Sugar! Consumers #1 Food Evil
Sugar has been a staple in consumers’ meals and beverages for generations. It was not uncommon to go to a coffee shop and request- “Double Milk, Double Sugar”. It was uncommon to drink a diet soda. The flavour of the month was Coke Classic, even though it contained 9 teaspoons of sugar per 330ml can.[i] Significant given the American Heart Association recommends women consume no more than 6 teaspoons and men 9 teaspoons of added sugar per day.[ii]
Our in-active attitudes toward our health have taken their toll. Large cross-functional studies have revealed a direct correlation between increased sugar consumption, weight gain, and obesity. That was the past. The present is a more active lifestyle in which consumers are taking control of their health, and seeking ways to reduce their sugar intake. Limiting sugar intake is the number 1 way in which consumer diets have changed. Brands are taking notice. This past January, seven emerging food and beverage brands formed the Alliance to Control Excessive Sugar (ACES).
Sugar reduction is top of mind for consumers. A survey undertaken in 2021 by the International Food Information Council revealed that 72% of consumers were trying to limit or avoid sugar entirely.[iii]
Euromonitor International’s health and nutrition global survey revealed that 52% of global consumers believe that lower sugar intake would make them feel healthier.[iv] Consumers are turning to nutritional labels to understand the products’ sugar content. According to a study undertaken by Fona, 63% of consumers reported “I will re-think purchasing the product now that I know the grams of sugar”.[v]
The Use of Artificial Sweeteners
In response, brands have turned to artificial sweeteners as a sugar substitute. Non-sugar sweeteners are low or no-calorie alternatives to free sugars that are generally marketed as aiding weight loss or maintenance of healthy weight. To provide more clarity on this subject matter, I interviewed Jane Dummer. Jane is a respected thought leader in the food industry – A Registered Dietitian and has a Nutrition Science degree from Canada’s leading food university – the University of Guelph.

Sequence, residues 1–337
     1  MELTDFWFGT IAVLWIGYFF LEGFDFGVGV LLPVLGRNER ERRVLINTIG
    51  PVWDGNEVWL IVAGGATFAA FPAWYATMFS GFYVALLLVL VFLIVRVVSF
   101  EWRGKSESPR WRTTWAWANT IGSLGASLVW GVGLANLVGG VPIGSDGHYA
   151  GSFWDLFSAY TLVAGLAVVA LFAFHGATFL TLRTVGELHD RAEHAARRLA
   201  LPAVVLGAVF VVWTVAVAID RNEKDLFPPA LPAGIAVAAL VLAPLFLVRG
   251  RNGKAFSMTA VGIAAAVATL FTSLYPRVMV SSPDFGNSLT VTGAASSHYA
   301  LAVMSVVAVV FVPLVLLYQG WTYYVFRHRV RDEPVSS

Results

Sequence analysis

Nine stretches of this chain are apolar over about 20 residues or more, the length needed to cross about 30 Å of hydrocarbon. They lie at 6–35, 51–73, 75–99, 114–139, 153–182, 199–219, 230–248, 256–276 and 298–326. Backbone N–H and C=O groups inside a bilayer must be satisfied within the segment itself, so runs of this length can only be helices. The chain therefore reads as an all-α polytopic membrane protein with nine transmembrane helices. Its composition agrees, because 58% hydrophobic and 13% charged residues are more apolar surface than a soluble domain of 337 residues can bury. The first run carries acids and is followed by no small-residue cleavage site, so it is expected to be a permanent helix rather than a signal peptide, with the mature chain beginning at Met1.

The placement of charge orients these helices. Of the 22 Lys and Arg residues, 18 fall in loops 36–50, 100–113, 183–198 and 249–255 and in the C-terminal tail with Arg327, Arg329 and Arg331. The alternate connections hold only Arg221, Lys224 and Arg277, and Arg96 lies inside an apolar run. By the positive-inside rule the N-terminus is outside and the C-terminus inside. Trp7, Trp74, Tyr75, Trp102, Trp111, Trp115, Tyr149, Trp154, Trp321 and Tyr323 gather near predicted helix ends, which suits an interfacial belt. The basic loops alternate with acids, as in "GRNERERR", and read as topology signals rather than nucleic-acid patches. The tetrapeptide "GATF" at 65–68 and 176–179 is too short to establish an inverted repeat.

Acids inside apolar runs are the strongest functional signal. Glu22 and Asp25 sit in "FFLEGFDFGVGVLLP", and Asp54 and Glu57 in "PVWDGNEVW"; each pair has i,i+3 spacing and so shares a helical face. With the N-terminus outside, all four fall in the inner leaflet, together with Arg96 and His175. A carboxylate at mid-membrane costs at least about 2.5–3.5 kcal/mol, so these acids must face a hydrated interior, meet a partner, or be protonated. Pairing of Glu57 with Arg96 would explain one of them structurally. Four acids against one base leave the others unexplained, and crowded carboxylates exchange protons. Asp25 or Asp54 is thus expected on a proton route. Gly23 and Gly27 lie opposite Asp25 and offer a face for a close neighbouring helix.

1. Are Artificial Sweeteners Healthy For Consumers?
“The scientific evidence continues to be debated worldwide when it comes to stating artificial sweeteners are healthy for consumers”. “When it comes to the relationship of weight control and blood glucose control and sugar substitutes, the research has been criticized”. “According to the World Health Organization, there is no clear consensus on whether non-sugar sweeteners are effective for long-term weight loss, or if they are linked to other long-term health effects”.
2. What Are Consumers’ Attitudes Towards Sweeteners?
“I believe there is consumer confusion around sugar substitutes with the dietary advice to focus on consuming natural products with low sugar or no added sugar”. ”Generally, there is a consumer trend worldwide of wanting products that derive sweetness from intrinsic ingredients without the addition of artificial ingredients”.[vi]